For one brief moment, science will replace advertising
I am hereby making an official prediction*** Not only is the buildup to the landing remarkably large, the audience hungry for this event is larger and more diverse then before. There is going to be a lot of people tuning in that night, and it won't be just Americans. I predict that there will be an overwhelming response to the landing of the Curiosity rover, both nationally and internationally. I would hope that the servers at NASA will be able to handle the load. Hopefully they learned their lesson after that whole Dragon catching incident. But if the feed does go down, then that will go to show how many people are excited by this sort of event. And that will send a huge message to our elected officials - People Like Space. There already exists a massive undercurrent of space enthusiasm. There has been a growing interest in space since the Hubble went into service. First it was NASA nerds who kept up to date, with an occasional picture or feature in the science section of the newspaper. Then people fell in love with Sojourner. We mourned the loss of astronauts, and praised the accomplishments of two new rovers. And now, in less than a week, we will once again watch as we deploy a new tool of understanding into the universe. I predict that the huge, international response to Curiosity will provide a strong argument in favor of supporting our national space agency and the growing private space market.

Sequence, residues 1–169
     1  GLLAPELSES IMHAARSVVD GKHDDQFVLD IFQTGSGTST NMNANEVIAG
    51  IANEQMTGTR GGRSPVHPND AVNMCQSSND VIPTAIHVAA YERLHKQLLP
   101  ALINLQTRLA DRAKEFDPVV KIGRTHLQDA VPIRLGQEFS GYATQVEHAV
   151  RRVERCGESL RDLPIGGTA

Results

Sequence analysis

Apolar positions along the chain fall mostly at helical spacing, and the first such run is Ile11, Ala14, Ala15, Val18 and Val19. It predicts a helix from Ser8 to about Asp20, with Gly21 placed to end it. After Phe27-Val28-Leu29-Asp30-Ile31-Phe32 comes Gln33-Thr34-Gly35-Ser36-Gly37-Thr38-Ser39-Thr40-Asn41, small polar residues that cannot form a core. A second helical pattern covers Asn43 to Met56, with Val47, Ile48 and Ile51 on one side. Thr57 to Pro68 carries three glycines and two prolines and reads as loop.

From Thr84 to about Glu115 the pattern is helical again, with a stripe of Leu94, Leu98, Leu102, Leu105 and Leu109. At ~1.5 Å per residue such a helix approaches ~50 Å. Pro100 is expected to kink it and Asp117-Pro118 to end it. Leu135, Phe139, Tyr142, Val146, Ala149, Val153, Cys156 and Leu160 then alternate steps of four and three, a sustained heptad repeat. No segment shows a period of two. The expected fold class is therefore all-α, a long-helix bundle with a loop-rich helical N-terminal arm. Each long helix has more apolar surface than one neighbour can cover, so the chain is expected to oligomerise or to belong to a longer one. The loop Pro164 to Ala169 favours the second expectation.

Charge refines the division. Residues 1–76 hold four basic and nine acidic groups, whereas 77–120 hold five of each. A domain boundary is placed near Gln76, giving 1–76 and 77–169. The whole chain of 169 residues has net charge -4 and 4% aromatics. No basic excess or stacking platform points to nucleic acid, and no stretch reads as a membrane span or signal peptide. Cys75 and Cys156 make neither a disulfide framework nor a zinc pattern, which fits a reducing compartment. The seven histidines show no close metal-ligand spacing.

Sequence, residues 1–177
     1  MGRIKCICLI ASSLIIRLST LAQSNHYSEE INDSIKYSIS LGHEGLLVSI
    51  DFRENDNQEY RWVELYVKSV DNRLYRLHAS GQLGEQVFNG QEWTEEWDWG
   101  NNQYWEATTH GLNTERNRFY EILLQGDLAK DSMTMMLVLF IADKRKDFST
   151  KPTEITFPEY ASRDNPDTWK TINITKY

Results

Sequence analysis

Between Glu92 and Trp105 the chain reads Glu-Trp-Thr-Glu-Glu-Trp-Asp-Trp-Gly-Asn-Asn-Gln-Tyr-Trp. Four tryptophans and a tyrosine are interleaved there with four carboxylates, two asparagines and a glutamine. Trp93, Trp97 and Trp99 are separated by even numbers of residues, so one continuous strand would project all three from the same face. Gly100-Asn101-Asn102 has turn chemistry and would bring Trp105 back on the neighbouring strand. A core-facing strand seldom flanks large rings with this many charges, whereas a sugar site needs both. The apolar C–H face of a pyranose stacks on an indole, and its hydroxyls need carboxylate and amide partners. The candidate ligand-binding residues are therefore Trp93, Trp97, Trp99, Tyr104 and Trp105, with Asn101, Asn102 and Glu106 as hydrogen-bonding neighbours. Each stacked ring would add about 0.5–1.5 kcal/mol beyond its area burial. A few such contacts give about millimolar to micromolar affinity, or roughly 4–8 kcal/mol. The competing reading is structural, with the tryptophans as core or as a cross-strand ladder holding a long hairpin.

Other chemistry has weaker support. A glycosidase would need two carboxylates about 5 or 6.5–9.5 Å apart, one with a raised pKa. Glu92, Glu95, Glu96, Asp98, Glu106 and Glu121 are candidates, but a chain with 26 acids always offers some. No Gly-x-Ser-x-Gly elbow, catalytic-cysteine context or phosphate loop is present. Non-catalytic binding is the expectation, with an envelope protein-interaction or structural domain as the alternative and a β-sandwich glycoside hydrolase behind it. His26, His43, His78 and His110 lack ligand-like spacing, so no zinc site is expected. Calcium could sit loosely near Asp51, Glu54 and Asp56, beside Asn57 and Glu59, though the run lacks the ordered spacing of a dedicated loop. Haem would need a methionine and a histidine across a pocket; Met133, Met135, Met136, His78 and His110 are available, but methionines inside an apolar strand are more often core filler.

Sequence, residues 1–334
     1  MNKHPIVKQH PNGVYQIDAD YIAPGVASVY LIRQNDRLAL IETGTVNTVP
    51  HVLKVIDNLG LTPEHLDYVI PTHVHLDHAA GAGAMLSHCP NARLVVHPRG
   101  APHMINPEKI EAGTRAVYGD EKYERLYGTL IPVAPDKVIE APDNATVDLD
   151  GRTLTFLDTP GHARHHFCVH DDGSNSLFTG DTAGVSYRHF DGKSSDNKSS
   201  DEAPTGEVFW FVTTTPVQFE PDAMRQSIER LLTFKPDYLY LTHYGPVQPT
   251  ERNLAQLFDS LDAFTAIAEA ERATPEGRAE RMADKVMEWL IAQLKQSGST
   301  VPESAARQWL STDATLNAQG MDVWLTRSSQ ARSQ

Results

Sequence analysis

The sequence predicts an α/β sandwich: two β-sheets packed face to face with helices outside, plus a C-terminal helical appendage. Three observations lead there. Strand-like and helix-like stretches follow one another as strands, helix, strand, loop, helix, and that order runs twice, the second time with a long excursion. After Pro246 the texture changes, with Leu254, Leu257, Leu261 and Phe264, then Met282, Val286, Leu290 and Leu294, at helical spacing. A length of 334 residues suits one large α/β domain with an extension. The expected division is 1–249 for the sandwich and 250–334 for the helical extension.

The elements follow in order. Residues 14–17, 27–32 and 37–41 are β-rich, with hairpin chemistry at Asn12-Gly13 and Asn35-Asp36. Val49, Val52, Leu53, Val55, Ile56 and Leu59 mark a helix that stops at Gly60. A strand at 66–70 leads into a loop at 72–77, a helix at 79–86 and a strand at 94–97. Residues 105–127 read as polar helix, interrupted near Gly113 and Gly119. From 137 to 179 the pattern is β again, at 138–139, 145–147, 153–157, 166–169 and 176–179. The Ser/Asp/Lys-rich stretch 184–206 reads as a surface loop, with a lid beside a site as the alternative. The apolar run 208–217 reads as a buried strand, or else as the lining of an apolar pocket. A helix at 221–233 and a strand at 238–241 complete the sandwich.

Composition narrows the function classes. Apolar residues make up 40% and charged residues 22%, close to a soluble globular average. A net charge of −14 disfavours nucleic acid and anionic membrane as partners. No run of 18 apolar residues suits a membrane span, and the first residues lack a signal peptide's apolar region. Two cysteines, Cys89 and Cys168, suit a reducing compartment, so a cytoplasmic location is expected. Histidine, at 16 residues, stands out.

Did I mention the laser capable of frying rock from 7 meters? It's a good thing that the machine most likely to achieve sentience and go on a murderous rampage is on another planet.

While researching this post I came across a number of resources which I did not use directly, but which were of great help in gathering together all the various links I needed.

*How often do you hear the term Shuttle Transport System? Other than technical writing or stuffy bloggers (ahem) it's always, the shuttle.